And Kimberly grew up Greek Orthodox, so she and Daphne (who is also Greek Orthodox) and I had to chat about Orthodoxy for a while. (and pose for Doug, who had my camera again) Kimberly’s grandparents lived on the same street as mine, in West Jackson back in the 1950s. Here we are fifty years later, (well, only thirty-something years later for Kimberly!)and we both still recognize those common tribes from our very separate childhoods. Kimberly grew up in the Greek Orthodox Church, while I was raised Presbyterian. And of course my spiritual journey, which I’m writing about in my memoir, chronicles several decades of searching, finding, and learning to live with joy within the Antiochian Orthodox Church.

So, now for the rest of the photos. Well, not all of them. Some things that happen in Oxford should always stay in Oxford! Enjoy!

Author Jere Hoar, one of last year’s workshop faculty, dropped by City Grocery for drinks with us on Friday, and to catch up with Scott, since Scott moved away from Oxford to California last year.

Jere always has time to hang out with fledgling writers and encourage us on our journeys. Jere’s books include The Hit and Body Parts. He and Daphne share a moment here.

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Ace, Herman, and Anne enjoying the sunshine on the balcony

Dan enjoys the view and the conversation up on the balcony.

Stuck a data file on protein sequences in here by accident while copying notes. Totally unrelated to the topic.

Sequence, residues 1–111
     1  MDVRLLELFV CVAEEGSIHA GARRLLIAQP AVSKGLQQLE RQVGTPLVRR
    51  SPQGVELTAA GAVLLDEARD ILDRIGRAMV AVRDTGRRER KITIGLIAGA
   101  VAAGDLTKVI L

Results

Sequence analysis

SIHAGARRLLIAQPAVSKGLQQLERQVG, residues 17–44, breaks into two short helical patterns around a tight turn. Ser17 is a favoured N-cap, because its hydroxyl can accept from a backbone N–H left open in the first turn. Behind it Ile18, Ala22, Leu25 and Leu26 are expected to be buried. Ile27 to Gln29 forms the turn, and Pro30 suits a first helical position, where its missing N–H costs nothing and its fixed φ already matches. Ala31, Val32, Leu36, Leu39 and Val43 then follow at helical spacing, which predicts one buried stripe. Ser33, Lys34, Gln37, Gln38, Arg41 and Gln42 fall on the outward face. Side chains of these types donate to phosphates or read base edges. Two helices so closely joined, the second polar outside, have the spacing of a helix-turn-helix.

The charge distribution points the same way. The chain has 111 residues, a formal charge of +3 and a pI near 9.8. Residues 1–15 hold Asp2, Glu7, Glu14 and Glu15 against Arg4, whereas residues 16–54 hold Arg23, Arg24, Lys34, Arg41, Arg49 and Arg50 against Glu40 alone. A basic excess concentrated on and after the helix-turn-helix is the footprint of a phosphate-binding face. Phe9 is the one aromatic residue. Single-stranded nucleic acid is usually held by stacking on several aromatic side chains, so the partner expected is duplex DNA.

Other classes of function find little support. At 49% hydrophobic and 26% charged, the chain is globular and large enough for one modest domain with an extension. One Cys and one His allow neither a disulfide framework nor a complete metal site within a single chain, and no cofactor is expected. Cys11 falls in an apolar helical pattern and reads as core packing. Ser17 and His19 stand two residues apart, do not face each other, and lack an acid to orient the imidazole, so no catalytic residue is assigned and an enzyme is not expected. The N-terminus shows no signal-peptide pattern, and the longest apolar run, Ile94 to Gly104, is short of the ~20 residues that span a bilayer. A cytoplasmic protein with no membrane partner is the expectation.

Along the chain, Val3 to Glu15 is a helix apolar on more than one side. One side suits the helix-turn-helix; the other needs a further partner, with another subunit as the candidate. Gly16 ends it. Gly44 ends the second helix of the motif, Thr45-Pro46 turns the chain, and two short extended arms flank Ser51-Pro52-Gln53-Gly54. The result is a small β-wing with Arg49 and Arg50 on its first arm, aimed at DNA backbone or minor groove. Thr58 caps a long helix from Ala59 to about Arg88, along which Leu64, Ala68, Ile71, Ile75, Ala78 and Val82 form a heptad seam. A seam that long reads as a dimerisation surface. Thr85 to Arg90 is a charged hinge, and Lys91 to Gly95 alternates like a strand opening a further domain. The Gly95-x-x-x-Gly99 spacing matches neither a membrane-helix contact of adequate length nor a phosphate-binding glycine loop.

Susan, Jere, Anne and Neal

Aubrey and Scott chatting with Dan in the background.

Ace and Scott catching up…

Doug reading another one of his terrific stories at open mic.

Catching up with Michelle, from last year’s workshop, for dinner on Saturday night.

Susan and Dan talk about their shared city, Memphis…

Enjoying lunch at Ajax: Patti, Herman, Aubrey Leigh, AL’s husband, Tommy, Anne, Martha Carole and Susan. (photo compliments of Doug)

Workshop participants were joined on campus by 10,000 fans who were in town for the baseball tournament. The workshop was held at The Depot, a popular parking spot for ball game fans. So, barricades were set out to reserve our parking spaces each day. No attention to detail was spared!

Many, many thanks to our amazing workshop leader, Neal Walsh! (captured during the panel with Ace and Sott) Can’t wait ’til next year!